Background: A comparison across trials conducted over several decades suggested superior efficacy of tricyclic antidepressants (TCAs) over selective serotonin-reuptake inhibitors (SSRIs). However, this outcome may reflect a selective secular decline of responses after randomization to placebo. Remaining uncertainty encouraged direct comparison of the drug-types in trials involving randomized, head-to-head comparisons.
Methods: We systematically identified reports of randomized trials of TCAs versus SSRIs for major depression in several digital databases, and applied standard meta-analytic and multiple-factor regression methods to analyze and pool the findings.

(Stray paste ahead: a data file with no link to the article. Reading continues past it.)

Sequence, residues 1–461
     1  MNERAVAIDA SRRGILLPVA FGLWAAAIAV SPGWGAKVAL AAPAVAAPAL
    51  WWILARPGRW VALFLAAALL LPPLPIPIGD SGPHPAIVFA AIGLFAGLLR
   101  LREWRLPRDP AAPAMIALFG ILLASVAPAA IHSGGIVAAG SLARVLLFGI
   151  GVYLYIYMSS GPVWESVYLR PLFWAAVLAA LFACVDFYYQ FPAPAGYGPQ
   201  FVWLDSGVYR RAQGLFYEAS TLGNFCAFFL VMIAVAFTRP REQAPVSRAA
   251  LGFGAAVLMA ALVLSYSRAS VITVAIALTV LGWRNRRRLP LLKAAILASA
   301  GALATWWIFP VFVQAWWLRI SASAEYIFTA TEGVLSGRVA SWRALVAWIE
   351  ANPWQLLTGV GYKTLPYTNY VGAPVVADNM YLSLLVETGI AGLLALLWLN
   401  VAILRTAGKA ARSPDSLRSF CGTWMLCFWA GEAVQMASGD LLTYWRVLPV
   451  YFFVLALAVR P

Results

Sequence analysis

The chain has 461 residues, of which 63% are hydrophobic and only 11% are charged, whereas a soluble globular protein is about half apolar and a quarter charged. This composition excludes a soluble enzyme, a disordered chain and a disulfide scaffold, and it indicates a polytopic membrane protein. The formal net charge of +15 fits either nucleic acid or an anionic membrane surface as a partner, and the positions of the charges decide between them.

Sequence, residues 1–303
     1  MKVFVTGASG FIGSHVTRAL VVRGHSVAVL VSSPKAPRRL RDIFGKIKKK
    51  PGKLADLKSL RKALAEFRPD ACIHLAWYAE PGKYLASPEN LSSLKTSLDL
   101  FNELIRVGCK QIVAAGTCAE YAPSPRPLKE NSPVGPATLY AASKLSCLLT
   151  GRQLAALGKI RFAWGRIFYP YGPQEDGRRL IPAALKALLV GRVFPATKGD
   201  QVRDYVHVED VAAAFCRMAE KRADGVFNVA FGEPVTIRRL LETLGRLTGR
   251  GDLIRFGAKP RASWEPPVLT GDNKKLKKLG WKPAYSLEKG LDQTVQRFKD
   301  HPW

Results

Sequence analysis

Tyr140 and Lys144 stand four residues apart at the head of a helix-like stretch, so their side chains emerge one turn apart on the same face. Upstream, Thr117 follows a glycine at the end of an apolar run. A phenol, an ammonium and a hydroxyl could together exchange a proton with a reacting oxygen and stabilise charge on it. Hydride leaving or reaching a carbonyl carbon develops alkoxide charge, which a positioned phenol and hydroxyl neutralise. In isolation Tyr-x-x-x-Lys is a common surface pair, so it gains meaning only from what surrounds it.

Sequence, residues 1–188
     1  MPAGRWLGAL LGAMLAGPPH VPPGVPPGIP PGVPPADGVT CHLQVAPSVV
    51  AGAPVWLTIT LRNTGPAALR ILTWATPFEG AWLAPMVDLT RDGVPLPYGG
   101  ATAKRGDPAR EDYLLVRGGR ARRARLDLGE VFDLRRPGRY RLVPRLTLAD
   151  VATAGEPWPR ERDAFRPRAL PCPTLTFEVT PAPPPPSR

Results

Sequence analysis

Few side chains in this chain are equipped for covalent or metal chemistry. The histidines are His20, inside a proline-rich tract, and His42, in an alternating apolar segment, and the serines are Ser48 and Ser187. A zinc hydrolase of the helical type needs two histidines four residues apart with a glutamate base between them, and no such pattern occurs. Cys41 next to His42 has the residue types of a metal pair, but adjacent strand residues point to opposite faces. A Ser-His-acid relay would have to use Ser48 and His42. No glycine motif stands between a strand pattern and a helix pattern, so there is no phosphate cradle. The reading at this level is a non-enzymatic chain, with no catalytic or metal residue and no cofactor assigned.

Results: In 89 head-to-head trials, there was no detectable overall difference in responder rates or percent-improvement between TCAs and SSRIs. In addition to non-difference between drug-types, outcomes were unrelated to reporting-year, trial-size or nominal duration, proportion of women participants, initial depression ratings, rating scales, subjects/arm, imipramine-equivalent mg/day drug dose, or dropout rate. Trial size and duration increased significantly over the years 1980-2016.
Conclusions: Previous evidence suggesting superior benefits of TCAs over SSRIs for the treatment of acute major depression is probably an artifact of a selective secular decline in responses to placebo, as no difference was found in a large series of direct comparisons of these antidepressant-types.
Keywords: Antidepressants; head-to-head; randomized trials; serotonin-reuptake inhibitor; tricyclic.